The Folger Spotlight

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Louis Butelli: Taking Care of our Own

Louis Butelli (as Feste) and Tonya Beckman (as Maria) in Twelfth Night. Photo by Scott Suchman.
Louis Butelli (as Feste) and Tonya Beckman (as Maria) in Twelfth Night. Photo by Scott Suchman.

Hello again from your friend Louis Butelli, currently playing Feste in Folger Theatre’s fantastic production of Twelfth Night. Our show must close on June 9th, so make sure you get your tickets now – click here. The press has been great (click here and here), and the audiences have been phenomenal (click here), so come and see what all the fuss is about.

We’re having such fun running this show. This ensemble of actors is very, very tight, and it’s been a real thrill to see the play deepen and evolve. We learn something new every single night – the relationships grow more complex, the use of language becomes more facile and dexterous, the music continues to haunt and enchant. We’d love for you to come and experience Shakespeare’s great work with us. Get your tickets here.

Meanwhile, I wanted to talk to you briefly about theatreWashington’s initiative, “Taking Care of our Own.” TCOOO_header_3

Every year, the folks at theatreWashington bring the prestigious Helen Hayes Awards to the Washington DC area. With a mission, in part, to invigorate existing theatre audiences and develop audiences of the future, theatreWashington is a vibrant and vital part of the arts scene in the District and beyond.

Have a look at this from their website:

Washington’s theatre community is among the largest and most successful in the nation. More than 80 professional theatres and companies enliven the capital area, anchoring neighborhoods, fueling the regions’ economy, and producing work of the finest quality.

By building audiences, by introducing tens of thousands of area students to theatre, by promoting Washington across the nation as a vibrant cultural capital, and with the national and international significance of The Helen Hayes Awards, our organization has helped drive the continually tremendous growth of Washington theatre.

Louis Butelli (Feste the fool) and Emily Trask (Viola) in Twelfth Night at the Folger. Photo: Scott Suchman.
Louis Butelli (Feste the fool) and Emily Trask (Viola) in Twelfth Night at the Folger. Photo: Scott Suchman.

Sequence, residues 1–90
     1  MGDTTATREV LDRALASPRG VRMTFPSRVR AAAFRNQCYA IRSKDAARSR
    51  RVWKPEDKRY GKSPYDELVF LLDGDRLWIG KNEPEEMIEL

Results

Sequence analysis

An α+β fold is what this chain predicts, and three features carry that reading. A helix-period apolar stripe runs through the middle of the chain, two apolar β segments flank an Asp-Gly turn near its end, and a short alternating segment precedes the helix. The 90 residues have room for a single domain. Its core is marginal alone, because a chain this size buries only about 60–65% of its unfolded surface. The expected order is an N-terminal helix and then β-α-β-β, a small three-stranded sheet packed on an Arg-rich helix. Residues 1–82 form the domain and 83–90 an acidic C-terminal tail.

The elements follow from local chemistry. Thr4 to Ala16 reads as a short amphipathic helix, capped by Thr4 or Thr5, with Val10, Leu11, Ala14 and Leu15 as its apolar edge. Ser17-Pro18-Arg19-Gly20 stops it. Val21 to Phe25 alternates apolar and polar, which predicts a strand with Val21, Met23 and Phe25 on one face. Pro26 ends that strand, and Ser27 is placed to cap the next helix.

Folger Theatre and Twelfth Night recently partnered with theatreWashington to work on their special initiative, “Taking Care of our Own.” This program was born to meet a critical need in the community, assisting currently active Washington area theatre professionals and artists in personal emergency situations.

Every night after our curtain call, members of the ensemble participated in a “Bucket Brigade,” collecting donations from our excellent audiences as they left the theater. Thanks to you, Twelfth Night raised $6,087.98 for “Taking Care of our Own.” We are incredibly grateful, and incredibly proud. 

If you came to see our show on a night where we were not collecting, or if you would like to learn more and contribute something yourself, please, please, please click here to visit theatreWashington’s donation page.

OK! Thanks so much for reading, thanks so much for helping us to “Take Care of our Own,” and please… Click here now to grab your tickets for Twelfth Night!

Until next time!


  • In your earlier blog posts, you talked about researching the role of Feste, and how it had given you options for characterization. In response to a comment, you explained that “for me, the most enjoyable part of the research is becoming immersed in a community of people – artists, scholars, designers, critics, etc – who all love this play, and have for 400 years. This sense of connection is powerful, and reminds me that ‘community’ is what is unique about the theatrical art form.” In another blog post, you explained how audience members are “essentially, members of the cast, and a vital part of the performance.” But I think the audience needs to be invited, and just as Richard Willis truly used Chorus to sweep the Henry V audience into the action, your wonderful Feste lets the audience become part of Twelfth Night, like nothing I’ve seen before.

    And now you bring it all together in explaining the importance of “taking care of our own.” Audience members contributed, I believe, because the Twelfth Night cast invited us to be one of you. With that connection, even just for a night, we are, in a sense, taking care of OUR own as well. So, thank you for letting us help.

    • What a lovely and insightful comment, Dawn! Thanks so much for your support – of the Folger, of the Production Diary, and of the grateful company of Twelfth Night. Your warmth and kindness makes us feel very loved.

      All best as always,

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